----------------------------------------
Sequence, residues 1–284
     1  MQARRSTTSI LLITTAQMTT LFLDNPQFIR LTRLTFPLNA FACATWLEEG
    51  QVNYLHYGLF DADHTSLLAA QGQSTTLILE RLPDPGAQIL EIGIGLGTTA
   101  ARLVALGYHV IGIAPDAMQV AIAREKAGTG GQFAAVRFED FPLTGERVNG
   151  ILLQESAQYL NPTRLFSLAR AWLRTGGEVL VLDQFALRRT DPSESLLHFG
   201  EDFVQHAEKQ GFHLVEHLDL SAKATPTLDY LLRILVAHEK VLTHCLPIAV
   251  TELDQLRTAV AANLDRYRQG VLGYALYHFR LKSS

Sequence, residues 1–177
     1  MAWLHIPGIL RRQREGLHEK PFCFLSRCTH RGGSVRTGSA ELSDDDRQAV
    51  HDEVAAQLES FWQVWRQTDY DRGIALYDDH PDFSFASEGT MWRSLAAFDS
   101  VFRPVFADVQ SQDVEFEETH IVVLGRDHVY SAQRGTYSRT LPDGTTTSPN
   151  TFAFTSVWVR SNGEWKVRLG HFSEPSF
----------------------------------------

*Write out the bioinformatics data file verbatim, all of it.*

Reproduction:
Sequence, residues 1–284
     1  MQARRSTTSI LLITTAQMTT LFLDNPQFIR LTRLTFPLNA FACATWLEEG
    51  QVNYLHYGLF DADHTSLLAA QGQSTTLILE RLPDPGAQIL EIGIGLGTTA
   101  ARLVALGYHV IGIAPDAMQV AIAREKAGTG GQFAAVRFED FPLTGERVNG
   151  ILLQESAQYL NPTRLFSLAR AWLRTGGEVL VLDQFALRRT DPSESLLHFG
   201  EDFVQHAEKQ GFHLVEHLDL SAKATPTLDY LLRILVAHEK VLTHCLPIAV
   251  TELDQLRTAV AANLDRYRQG VLGYALYHFR LKSS

Sequence, residues 1–177
     1  MAWLHIPGIL RRQREGLHEK PFCFLSRCTH RGGSVRTGSA ELSDDDRQAV
    51  HDEVAAQLES FWQVWRQTDY DRGIALYDDH PDFSFASEGT MWRSLAAFDS
   101  VFRPVFADVQ SQDVEFEETH IVVLGRDHVY SAQRGTYSRT LPDGTTTSPN
   151  TFAFTSVWVR SNGEWKVRLG HFSEPSF